Until we can receive
with an open heart,
we are never really giving
with an open heart.
~ Brené Brown
Giving and receiving are integral parts of life. We engage in them both all the time, in small and large ways. When we are in the flow of life, giving and receiving are natural, easy and mutual. There is no keeping score, withholding or over-giving. There is no resentment or feeling of deprivation. This is a great ideal!
There are many people who live from a place of entitlement and take all the time, giving only grudgingly. Underneath this greedy desire for more is often a feeling of emotional lack that they are unconsciously trying to fill with whatever anyone is willing to give them, emotionally or materially. Their hearts are certainly not open, as they live in a place of constriction, fear and need.
There are probably many more people who are more comfortable giving than receiving. An emphasis on giving and discomfort with receiving can have many root causes. Often there is an underlying sense of lack of deservability. It may be difficult to accept that someone cares about you enough to give you something, be it verbal, emotional or material. This is especially true if deep inside, you question your own value. Someone else valuing you can throw you into a place of discomfort.
Truly receiving (and not just taking) also invites a certain vulnerability; an open heart is required to truly accept what is offered and allow it to impact you. If you have many years of protecting your heart, of defending yourself from feeling vulnerable, this will be difficult and perhaps may feel unwelcome.
Another reason why giving may be easier than receiving is that it may allow you to feel in control, or in a relative position of power. If receiving is difficult, then it is a relief to give more than receive, as it keeps those feelings of vulnerability at bay. However, this may ultimately cultivate resentment or exhaustion, as your heart is not being fed either by giving or receiving.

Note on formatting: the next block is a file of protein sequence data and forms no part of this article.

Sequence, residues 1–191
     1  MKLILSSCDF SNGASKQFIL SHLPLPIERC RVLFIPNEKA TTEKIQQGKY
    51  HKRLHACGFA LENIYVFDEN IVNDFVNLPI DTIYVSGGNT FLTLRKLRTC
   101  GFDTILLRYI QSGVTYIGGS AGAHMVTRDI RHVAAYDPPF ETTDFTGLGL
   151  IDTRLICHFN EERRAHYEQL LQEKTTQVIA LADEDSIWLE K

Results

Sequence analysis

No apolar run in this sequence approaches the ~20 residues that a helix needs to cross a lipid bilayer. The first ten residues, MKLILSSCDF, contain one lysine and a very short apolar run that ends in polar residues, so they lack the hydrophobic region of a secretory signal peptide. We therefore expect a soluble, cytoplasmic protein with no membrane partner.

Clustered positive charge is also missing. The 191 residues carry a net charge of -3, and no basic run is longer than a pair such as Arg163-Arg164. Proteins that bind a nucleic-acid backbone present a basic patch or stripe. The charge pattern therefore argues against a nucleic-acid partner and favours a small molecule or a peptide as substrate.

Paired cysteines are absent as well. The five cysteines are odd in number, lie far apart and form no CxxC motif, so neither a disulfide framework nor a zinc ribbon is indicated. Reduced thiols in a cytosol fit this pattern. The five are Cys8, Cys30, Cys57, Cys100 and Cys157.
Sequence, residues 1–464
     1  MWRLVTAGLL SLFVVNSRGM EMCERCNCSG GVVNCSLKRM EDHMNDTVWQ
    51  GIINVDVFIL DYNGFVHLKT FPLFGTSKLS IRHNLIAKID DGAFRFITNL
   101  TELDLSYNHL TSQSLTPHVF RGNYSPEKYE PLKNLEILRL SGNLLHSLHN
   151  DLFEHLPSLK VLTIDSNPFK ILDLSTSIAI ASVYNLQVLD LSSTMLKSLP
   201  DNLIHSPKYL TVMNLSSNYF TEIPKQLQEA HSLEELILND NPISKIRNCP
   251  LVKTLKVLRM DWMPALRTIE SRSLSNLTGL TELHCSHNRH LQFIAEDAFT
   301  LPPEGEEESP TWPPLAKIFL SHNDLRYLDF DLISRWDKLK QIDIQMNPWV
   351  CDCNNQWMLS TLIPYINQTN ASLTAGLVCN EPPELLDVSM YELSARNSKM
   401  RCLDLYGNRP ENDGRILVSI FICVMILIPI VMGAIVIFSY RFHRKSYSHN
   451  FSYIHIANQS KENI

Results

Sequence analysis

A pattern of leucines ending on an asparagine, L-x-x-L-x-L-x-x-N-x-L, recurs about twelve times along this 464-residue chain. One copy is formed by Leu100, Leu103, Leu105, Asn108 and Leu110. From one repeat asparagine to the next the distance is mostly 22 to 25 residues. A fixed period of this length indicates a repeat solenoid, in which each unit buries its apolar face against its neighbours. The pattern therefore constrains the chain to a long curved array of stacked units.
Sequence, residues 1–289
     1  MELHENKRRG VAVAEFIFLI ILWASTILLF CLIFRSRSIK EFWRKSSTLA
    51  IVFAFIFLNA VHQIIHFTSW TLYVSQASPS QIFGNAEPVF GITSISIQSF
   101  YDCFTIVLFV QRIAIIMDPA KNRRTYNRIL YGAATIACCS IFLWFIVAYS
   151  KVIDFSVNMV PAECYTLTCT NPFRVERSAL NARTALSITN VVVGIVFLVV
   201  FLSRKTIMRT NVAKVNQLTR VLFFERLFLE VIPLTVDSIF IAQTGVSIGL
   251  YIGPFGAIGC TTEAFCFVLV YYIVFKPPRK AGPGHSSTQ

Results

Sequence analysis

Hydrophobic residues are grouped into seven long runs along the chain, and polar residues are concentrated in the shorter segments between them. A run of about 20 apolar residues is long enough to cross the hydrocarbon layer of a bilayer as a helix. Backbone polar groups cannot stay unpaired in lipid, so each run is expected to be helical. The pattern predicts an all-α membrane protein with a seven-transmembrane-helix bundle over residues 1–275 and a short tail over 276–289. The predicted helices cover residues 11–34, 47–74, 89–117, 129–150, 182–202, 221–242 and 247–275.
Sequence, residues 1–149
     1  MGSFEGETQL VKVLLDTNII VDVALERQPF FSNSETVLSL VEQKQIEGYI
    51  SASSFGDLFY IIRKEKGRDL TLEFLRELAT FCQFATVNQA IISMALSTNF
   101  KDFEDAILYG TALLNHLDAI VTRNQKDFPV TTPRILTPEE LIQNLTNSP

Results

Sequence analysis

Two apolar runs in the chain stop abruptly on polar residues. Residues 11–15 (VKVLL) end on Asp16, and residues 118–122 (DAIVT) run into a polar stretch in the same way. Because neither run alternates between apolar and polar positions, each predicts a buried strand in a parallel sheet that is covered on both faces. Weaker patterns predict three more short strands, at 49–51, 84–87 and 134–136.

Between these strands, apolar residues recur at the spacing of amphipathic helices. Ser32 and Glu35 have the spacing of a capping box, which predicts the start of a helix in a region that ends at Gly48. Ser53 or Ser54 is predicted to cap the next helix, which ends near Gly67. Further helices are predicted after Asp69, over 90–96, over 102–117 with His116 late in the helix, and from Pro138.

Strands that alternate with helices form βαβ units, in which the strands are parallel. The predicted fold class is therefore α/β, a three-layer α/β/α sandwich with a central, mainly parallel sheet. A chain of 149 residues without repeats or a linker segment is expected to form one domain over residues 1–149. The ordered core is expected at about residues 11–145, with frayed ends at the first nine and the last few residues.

I encourage you to take note of how you feel when you are either giving or receiving this week. Is one more comfortable than the other? Is this experience reversed with certain people or situations? How do you understand this based on your life and history? Can you allow yourself to practice doing both with an open heart, remaining mindful of how you feel?
The intuitive mind is a sacred gift
and the rational mind is a faithful servant.
We have created a society that
honors the servant and has
forgotten the gift.~ Albert Einstein
We have the natural gifts of two valuable and complementary minds: the rational and intuitive. In this culture the rational is associated with logic and as such with the male mind. The intuitive is associated with feelings and is by nature irrational which in our culture has a negative connotation; it is often associated with women. Consequently, the rational mind is usually seen as being superior while the intuitive mind is often denigrated and seen as being less reliable and inferior.
Albert Einstein who was a creative genius turns this on its head! My guess is he speaks from personal experience: that his ideas came from his intuitive mind and he then refined them into theories through his rational mind. Thus he perceived the rational mind as the servant of the intuitive mind which is the fountain of creativity and inspiration.
Yet our culture has marginalized the intuitive, denying its importance if it is not "evidence based" or logical. This has happened in the field of psychology as well where cognitive behavioral therapy is increasingly valued over a less rational, more intuitive internal exploration.
It may be worth looking at your own thoughts and feelings about your rational and intuitive minds. Have you bought into the cultural construct that the rational mind is superior, not trusting or listening to your intuition? What kind of relationship do your rational and intuitive minds have? Which do you listen to? Which do you value more? Have you experienced the optimal interplay of the intuitive and rational minds?
If you discover that your relationship to the intuitive is not as developed as you might want it to be, there are easy steps to take to build that relationship. All it takes is listening, not discounting hunches, gut feelings, images, ideas that seem to come from nowhere or may not make sense. Pay attention and you will be richly rewarded as your intuitive and rational minds come into z greater sense of balance!
Peggy Handler, MFT, is a psychotherapist in San Francisco's Noe Valley